My mother’s next set of instructions was much louder than her first, and she was not nearly as affectionate as she was the first time. In fact, we were all reprimanded for our disgraceful appearances: “Children, listen to me very carefully! You cannot, I repeat, you CANNOT go out of this house looking like you do! If we are going to meet our Maker, we will meet our Maker in style! Who ever heard of facing God in wrinkled nightgowns? Who ever heard of facing God in wrinkled pajamas? Who ever heard of facing God with hair that has not been combed? All of you, go back to your rooms and change into your best dresses and your best suits and do NOT, repeat, do NOT, come out until you are proud of how you look!”

So we turned back to our rooms and we put on our best Sunday dresses and our best Sunday suits and we combed our hair as best we could and we polished our shoes with Kleenex and a dab of Pond’s cold cream until they looked like Daddy’s shoes and you could see your reflection in them, like a mirror. The older boys helped the younger boys; and the older girls helped the younger girls; and I don’t remember who took care of the two youngest toddlers, but I took charge of the baby boy, Alex, and we managed to pass inspection after going back to our rooms only two more times for minor corrections. (“Those socks do NOT match; those hair ribbons are NOT ironed; don’t pretend that they are!” My older sister, Teresa, managed to plug in the iron and set up the ironing board and iron the hair ribbons of all four girls and WHERE my mother found the bow tie for baby Alex is still a mystery to me, but find it she did and put it on she did, with a quick flick of the wrist, and a kiss to his silky, black hair).

I can still remember the shoes I wore. True, they were getting too tight, but a girl who loves her shoes will only admit they are too tight when she HAS to, and never a day before. They were royal blue patent leather with thin straps and the dearest pearl buttons on the side that you could possibly imagine. Honestly, I can’t remember what dress I wore, but my twin sister, Ellen, wore a gorgeous gray dress with see-through silk for the long sleeves and a broad, white lace collar over which her mane of blonde hair spilled in glorious abundance, and HER twin brother wore a dark navy suit with a white tie that had a cowboy-on-a-leaping-horse tie clasp attached to it.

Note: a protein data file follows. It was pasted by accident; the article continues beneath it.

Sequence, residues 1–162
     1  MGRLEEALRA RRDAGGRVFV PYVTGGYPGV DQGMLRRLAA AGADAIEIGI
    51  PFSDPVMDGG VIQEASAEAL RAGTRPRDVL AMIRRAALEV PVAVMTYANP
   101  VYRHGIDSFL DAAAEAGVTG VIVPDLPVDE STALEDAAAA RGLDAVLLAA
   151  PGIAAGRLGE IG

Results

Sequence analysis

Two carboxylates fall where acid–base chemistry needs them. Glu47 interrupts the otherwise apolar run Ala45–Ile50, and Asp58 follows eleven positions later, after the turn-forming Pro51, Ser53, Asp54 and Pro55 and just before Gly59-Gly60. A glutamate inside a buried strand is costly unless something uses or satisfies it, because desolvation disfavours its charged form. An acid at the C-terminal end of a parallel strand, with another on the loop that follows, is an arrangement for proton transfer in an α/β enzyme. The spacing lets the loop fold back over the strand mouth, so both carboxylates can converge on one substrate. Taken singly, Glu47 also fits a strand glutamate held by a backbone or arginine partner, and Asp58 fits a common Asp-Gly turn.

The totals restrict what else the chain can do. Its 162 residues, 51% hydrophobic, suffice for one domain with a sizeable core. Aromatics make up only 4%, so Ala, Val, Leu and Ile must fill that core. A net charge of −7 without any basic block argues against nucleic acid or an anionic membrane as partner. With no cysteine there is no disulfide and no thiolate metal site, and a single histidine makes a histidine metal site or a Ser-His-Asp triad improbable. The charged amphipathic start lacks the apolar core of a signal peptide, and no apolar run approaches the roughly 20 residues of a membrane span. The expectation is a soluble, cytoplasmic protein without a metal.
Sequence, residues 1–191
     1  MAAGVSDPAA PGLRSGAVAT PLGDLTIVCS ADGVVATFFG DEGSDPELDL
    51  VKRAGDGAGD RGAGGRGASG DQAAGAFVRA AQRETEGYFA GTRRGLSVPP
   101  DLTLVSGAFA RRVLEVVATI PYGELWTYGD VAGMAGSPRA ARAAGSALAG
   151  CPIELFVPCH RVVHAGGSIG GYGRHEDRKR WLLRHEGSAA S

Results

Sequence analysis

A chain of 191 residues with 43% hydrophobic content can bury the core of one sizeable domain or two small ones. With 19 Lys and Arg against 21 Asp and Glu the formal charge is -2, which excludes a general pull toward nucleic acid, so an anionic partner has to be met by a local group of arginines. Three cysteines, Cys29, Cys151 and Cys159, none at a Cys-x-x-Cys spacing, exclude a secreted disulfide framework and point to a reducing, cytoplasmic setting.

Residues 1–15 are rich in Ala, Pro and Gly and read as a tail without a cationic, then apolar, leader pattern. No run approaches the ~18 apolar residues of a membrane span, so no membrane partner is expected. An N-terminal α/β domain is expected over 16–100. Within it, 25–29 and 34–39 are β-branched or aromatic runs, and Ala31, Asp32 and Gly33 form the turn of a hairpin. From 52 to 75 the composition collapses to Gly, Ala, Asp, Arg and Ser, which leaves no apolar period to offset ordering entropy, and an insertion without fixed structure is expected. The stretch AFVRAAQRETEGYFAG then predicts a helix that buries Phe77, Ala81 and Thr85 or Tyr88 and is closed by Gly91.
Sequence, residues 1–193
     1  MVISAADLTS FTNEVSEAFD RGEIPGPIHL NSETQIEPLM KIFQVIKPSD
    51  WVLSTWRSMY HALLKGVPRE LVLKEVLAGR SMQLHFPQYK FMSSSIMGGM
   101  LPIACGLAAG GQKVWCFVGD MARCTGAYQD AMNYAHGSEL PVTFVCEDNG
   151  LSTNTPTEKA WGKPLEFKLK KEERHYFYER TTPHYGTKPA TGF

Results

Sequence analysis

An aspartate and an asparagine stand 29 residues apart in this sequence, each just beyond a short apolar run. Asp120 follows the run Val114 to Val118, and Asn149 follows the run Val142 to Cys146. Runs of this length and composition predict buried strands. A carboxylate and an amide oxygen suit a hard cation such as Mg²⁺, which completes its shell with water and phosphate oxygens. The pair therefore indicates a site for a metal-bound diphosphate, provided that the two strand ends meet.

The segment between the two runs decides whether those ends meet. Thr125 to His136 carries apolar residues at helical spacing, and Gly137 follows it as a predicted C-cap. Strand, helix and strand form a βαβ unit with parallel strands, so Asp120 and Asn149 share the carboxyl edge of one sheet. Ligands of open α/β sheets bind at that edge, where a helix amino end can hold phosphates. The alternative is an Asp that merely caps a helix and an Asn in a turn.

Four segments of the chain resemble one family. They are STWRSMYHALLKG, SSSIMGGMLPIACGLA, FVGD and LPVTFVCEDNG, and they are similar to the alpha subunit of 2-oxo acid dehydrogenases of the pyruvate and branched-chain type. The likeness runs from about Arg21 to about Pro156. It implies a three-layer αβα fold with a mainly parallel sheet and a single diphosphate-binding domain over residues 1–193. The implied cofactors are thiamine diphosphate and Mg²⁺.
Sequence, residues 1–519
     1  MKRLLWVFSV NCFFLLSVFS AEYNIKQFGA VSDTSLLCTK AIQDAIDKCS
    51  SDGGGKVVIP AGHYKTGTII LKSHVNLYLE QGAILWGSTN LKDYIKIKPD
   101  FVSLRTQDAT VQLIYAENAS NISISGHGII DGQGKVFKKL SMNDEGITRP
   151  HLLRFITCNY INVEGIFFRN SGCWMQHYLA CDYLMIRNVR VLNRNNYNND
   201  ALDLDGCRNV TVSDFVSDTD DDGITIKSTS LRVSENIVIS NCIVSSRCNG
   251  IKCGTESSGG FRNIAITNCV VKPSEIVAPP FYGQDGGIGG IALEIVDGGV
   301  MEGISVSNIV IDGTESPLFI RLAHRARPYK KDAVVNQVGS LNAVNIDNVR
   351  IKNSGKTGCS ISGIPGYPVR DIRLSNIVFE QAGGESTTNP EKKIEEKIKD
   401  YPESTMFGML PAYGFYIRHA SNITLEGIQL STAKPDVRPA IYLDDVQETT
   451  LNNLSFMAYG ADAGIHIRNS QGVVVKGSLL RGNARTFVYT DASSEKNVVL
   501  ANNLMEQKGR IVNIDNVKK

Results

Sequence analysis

And so the boys gathered around and told the girls they looked very pretty. We thanked them and told them that they looked very handsome. And when Mama came down the stairs, we all gasped at her beauty because she chose her green satin dress that brought out the pale green of her eyes and made her long, dark, curly hair more beautiful than ever and the silver-sequined belt accented the slimness of her waist and made her long legs look longer than ever. No one can remember if she wore a hat or not, but Baby Alex had a black beret that matched his dark bow tie perfectly, and on my way out the door, I DID remember to bring two clean diapers because who knew how long we’d be on Tillamook Head??

And so the junior officer arrived and my mother sailed out of the house with her five sons and her four daughters, and we drove up to Tillamook Head and we waited for the tidal wave to crash over us, do its damage, and then depart. How long did we wait? How long did we sit in that station wagon with the junior officer who was younger than my father, but not nearly as handsome? I don’t know, precisely, but several hours, I’m sure, or so it seemed to me! I can still remember the shrieking of the winds and the unearthly darkness of that dreadful night that brutally refused to end.

Over and over I asked myself: Would the tidal wave reach us and take us away, despite the impressive height of Tillamook Head? Would we drown before daybreak? Would Daddy come back or would Daddy die? Would Daddy drown in the tidal wave? Would we even get his body back again if the tidal wave destroyed the ship?

Daddy, come back….Star of the Sea, pray for Daddy….Daddy come back….Star of the Sea, pray for us. Daddy, come back!